West Side Hospital, Chicago, Illinois
Carlisle stumbles back from the bed in shock. There was something in this woman's eyes as she was dying; a knowledge far beyond her years. For all that, she doesn't know the truth of what she asked of him. She can't know what he really is.
He leans over the young man lying on the bed, Edward. His face is ashen, his breathing shallow; it's glaringly obvious that he doesn't have much time left. As a doctor, there is nothing Carlisle can do to save him. Yet, he had promised the mother that he will do everything in his power. Not just anyone's. His.
He wheels both bodies down to the morgue; no one spares him a second glance, too focused on their own spheres amongst the death and decay that permeate the hospital. He takes his time with Elizabeth Masen's body, feeling that she needs someone to say goodbye to her – by the time her son is aware of himself again, the two of them will be far away from this place.
When he's done, Carlisle moves closer to Edward, who is dozing fitfully. He brushes the boy's bronze hair back, and sighs. He's not sure he has the self-control for this; even though he promised, can he go through with it?
And yet, Carlisle is lonely. Not the sort of loneliness that stems from long hours and little socialising, but something deeper – a sense of how truly isolated he is, not having the company of others of his kind. This is a chance for him to not only save this young boy's life, but also to create the companion he hadn't realised he craved.
Subconsciously, he's already made his decision. It just took him a while to realise it.
It's easier than it should be, smuggling a semi-conscious 6'2" body out of a hospital – even with his superhuman speed, he expects someone to notice him. But no one spares him a thought, and he takes Edward back to his current home on the outskirts of the city.
After laying the boy out on the bed, he gazes down at him. Even in his deathbed fever, there is something about Edward Masen that draws everyone around him in. Perhaps it's his compassion – the pain of others in the hospital seemed to affect him far more than his own – or perhaps it's no more than his fragile attractiveness. Carlisle is resolute; this is a boy worth saving.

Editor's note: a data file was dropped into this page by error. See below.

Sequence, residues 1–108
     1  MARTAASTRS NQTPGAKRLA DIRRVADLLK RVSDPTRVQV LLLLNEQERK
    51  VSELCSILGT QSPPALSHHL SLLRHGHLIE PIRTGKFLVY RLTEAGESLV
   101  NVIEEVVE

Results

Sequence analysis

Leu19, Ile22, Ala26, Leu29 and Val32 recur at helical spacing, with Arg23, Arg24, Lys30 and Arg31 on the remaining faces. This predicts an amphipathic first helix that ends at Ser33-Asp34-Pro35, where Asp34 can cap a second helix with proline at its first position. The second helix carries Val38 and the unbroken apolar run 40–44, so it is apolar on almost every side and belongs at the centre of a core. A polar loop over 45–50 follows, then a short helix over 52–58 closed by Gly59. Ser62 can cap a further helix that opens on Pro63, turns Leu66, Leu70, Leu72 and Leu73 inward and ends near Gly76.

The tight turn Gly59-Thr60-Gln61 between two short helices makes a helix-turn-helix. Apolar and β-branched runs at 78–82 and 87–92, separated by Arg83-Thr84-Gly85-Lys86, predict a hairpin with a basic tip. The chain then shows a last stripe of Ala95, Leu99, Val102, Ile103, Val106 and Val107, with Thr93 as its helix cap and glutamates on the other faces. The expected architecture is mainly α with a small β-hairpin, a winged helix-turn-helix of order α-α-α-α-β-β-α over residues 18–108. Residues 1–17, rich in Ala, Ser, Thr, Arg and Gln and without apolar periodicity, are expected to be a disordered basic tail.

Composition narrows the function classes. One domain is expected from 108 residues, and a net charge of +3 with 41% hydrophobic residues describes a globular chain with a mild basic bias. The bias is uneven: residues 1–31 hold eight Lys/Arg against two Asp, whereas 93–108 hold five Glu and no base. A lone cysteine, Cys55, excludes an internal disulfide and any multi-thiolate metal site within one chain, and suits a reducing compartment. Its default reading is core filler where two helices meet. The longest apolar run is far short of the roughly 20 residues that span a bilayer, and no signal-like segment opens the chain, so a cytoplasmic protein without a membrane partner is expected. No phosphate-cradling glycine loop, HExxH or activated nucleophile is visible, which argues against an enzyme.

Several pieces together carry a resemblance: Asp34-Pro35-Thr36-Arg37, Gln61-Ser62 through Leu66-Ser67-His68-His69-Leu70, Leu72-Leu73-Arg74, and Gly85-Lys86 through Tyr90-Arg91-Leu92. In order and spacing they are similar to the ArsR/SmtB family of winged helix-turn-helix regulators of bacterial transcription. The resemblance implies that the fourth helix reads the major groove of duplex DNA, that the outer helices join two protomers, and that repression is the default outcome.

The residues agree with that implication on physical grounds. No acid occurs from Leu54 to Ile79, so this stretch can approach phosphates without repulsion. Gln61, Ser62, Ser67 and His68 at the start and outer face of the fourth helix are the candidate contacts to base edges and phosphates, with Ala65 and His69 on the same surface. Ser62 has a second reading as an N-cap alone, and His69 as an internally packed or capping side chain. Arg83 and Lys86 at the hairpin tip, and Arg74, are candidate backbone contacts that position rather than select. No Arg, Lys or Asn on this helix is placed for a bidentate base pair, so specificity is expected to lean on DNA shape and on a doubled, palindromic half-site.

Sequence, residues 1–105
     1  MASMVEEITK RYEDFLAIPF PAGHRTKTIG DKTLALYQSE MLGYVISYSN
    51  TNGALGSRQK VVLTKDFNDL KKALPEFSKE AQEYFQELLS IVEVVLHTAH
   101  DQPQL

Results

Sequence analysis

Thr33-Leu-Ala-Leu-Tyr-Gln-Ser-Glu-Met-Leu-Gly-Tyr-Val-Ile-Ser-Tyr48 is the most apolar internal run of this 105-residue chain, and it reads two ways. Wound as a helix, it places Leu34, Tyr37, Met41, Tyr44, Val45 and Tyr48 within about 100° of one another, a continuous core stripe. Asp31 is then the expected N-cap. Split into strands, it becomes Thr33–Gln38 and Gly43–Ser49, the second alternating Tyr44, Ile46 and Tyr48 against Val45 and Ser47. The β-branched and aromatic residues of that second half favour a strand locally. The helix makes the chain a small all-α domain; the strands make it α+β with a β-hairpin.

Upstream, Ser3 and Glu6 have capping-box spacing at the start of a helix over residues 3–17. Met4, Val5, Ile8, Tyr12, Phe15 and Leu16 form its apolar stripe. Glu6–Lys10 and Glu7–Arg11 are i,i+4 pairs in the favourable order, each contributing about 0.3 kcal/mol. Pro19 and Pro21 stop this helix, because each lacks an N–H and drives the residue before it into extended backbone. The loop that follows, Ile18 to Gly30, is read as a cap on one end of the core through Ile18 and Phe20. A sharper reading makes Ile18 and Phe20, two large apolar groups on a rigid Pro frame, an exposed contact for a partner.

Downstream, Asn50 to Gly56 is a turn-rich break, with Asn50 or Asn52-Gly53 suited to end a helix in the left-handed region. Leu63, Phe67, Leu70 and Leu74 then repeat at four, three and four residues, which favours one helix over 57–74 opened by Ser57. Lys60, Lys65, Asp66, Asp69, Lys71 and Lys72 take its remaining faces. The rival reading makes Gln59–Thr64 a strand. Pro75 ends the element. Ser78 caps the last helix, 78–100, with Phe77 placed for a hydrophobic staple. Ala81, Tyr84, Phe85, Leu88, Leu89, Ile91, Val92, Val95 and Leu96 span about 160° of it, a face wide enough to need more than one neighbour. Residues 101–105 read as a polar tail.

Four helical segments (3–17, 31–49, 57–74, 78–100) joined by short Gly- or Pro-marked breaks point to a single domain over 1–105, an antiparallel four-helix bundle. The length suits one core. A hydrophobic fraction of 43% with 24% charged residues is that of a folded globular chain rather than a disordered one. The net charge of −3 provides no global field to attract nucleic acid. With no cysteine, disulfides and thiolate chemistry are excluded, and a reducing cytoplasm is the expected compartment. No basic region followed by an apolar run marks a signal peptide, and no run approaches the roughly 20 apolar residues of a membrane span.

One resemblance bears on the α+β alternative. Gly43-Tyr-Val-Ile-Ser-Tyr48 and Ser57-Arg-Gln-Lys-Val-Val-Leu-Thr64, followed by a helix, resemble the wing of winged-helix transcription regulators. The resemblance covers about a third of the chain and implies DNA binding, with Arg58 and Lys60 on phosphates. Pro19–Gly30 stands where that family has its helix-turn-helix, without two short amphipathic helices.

He's not sure how, but he manages to find the restraint necessary to stop in time; he begins the change without killing the boy. Then, all he has to do is wait until Edward is himself again – or at least, as much of his past self as he is able to keep – and explain what he has become.
It's possible, Carlisle thinks, that the explanation will be harder than the transformation.
Three days, two hours, forty-two minutes and seventeen seconds later, Edward opens his eyes.
Carlisle leans forward carefully. "Edward?" he says. The boy jumps, and locks his eyes on the man in front of him.
"Where... what's... mother?" the boy calls, looking frantic. Carlisle moves to his side, faster than any human could, and Edward's eyes open wider.
"How did you...?" his voice trails off. "What's going on? I was in the hospital... my mother..."
Carlisle takes both Edward's hands in his own; it's telling that the boy doesn't flinch at the temperature. "Your mother is dead, Edward. You were dying. There was no hope..."
He isn't sure how to continue. How do you say Oh by the way, I stripped you of your humanity, and turned you into a freak? There's no etiquette for this sort of thing. He takes an unnecessary breath, more for a pause than anything, and starts to explain, as the battle between fear and curiosity rages in Edward's eyes.
"You are no longer human, Edward," he begins. As the boy looks at him in horror, he hastens to add, "You were dying, do you see? It was the only way to save you. I changed you, made you another like myself."
"And what is that?" Edward demands. His new voice is astonishingly beautiful, even as the pain breaks it. Carlisle has a sudden insight – this is how others perceive him. It explains a lot.
Say it, Carlisle.
Say it. Tell him what he must be now. Say it. FAIRY.
He imagines that the shock on Edward's face is mirrored on his own; he never intended to lie to his new charge. He only meant... well, let's face it, the word 'fairy' doesn't exactly ring with positive affirmation, especially to a seventeen year old boy. And after all, does the label really matter? They're not human, that much is the truth. The rest he can figure out along the way.
A deception, yes, but a merited one. In the grand scheme of things, who could it possibly hurt?